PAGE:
OSI Membership In Two Minutes

I was approached in the OSI booth at OSCON to explain OSI’s membership categories.

[youtube http://www.youtube.com/watch?v=4DB5SxVjqBg]

That URL again:  opensource.org/join

HP, Open Source and OpenStack

 

While HP was making plenty of noise at OSCON about its deployment of OpenStack as HP Cloud, it was the discovery that they have moved their open source program office to the heart of the company that convinced me they’re serious about open source in their products. Read more in InfoWorld.

 

Call For Participation

Have you ever attended an open source conference? In my article for ComputerWorldUK today, I briefly review four good choices that you can attend over the next few months.

Explaining OSI Membership

The video of my keynote at OSCON is now live on YouTube:

That link I mentioned:  opensource.org/join

Portland Submarine tour

Operations RoomTorpedo RoomTorpedo TubeSubmarine Tower

Portland Submarine tour, a set on Flickr.

One enjoyable perk of being a speaker at OSCON and a new author at O’Reilly Media was an invitation to their “Friends” reception at the Oregon Museum of Science and Industry in Portland. It featured a tour of the decommissioned US Navy submarine USS Blueback, which you can see here.

OSI Opens For Membership

You can finally join OSI. I’ve had a busy day at OSCON in Portland, OR today (apologies if I’ve been missing your messages and/or deadlines…) where interest around the conference has been high. Here are some details.

The Open Source Initiative now has two membership categories; Affiliate Membership for not-for-profit organisations, and Individual Membership for open source supporters to personally drive change. The Board expects to create a third category for corporate membership later this year. Together, these membership categories will eventually drive all the activity at OSI, including its governance.

The goal of all this is to turn OSI into a member-driven non-profit that’s a neutral venue for the things that are inappropriate or impossible anywhere else. Ideas already suggested include

  • a global resource network for open source user groups of all kinds
  • a repository of research on open source (like the late lamented opensource.mit.edu)
  • a social fund to help developers attend open source conferences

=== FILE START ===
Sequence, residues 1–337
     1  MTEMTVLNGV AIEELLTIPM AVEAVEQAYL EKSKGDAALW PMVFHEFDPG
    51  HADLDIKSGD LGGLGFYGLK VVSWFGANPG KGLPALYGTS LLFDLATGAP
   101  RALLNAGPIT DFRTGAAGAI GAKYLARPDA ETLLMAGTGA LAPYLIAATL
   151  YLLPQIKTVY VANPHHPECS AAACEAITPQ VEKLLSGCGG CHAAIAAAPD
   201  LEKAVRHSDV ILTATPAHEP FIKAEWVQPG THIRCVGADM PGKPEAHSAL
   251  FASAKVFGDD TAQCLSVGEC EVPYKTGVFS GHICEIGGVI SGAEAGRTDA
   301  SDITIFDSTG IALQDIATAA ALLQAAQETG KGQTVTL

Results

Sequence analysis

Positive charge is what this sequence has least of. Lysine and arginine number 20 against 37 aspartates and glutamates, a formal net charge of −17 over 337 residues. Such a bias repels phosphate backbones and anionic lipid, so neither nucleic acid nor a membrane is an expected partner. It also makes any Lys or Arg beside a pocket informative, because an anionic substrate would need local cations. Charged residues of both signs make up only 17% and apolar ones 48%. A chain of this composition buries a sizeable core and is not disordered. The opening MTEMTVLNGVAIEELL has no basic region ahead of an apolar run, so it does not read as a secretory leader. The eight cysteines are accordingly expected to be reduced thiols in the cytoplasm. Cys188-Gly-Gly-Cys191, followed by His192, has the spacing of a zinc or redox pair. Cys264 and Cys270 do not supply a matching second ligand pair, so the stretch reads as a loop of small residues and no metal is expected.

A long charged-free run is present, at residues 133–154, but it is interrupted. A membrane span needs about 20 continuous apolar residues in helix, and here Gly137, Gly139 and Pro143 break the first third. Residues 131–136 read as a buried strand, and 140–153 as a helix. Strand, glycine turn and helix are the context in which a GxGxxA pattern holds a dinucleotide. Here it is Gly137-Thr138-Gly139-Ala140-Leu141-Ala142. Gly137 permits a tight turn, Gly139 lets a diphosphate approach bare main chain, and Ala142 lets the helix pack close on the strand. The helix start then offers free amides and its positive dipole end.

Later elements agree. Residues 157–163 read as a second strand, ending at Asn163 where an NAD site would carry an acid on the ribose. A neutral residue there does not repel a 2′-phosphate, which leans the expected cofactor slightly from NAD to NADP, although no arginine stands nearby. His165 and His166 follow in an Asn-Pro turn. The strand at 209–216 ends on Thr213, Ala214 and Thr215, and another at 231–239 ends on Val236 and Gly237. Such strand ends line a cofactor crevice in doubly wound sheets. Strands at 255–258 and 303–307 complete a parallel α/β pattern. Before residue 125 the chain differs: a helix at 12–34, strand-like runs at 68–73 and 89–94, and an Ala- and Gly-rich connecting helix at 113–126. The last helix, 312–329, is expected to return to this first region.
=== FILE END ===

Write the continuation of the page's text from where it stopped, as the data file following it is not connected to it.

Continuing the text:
Of course, all these will only happen if there are people to make them happen – the OSI Board is too small for this. The new Individual Membership category is the powerhouse of the change, connecting the resources from the Affiliates and future corporate members and staffing working groups to achieve concrete, time-bounded deliverables that benefit open source. As the membership grows – in all categories – so will the resources available, both practical and reputational. In future the OSI Board will facilitate rather than staff all OSI’s work.

There are so many things our global community could do together if even a small percentage of us were to unite in this way. The specifics of our different projects, the characteristics of our licenses and our differing approaches to software freedom vary, but that doesn’t mean we need to allow those differences to block our unity. As OSI’s president you’de expect me to say this, but all the same:  please join!

As OSI’s president you’de expect me to say this, but all the same:  please join!

Published

The feature I wrote for O’Reilly is also an e-book.  Without realising it, I have had my first ISBN-numbered publication issued – rather a surprise!

Do you think I should write a full-length book that covers more information like this?  It would cover a range of “thinking tools” for both software deployers and for software creators as they devise business strategies that incorporate open source.  I’d expand on the sorts of ideas you can currently find on the Essays page.

Let me know – you can get a free copy of Open Source Strategies for the Enterprise from O’Reilly in Kindle, e-pub and PDF format as ISBN 1-4493-4117-9. Or of course the feature is also on O’Reilly Radar.

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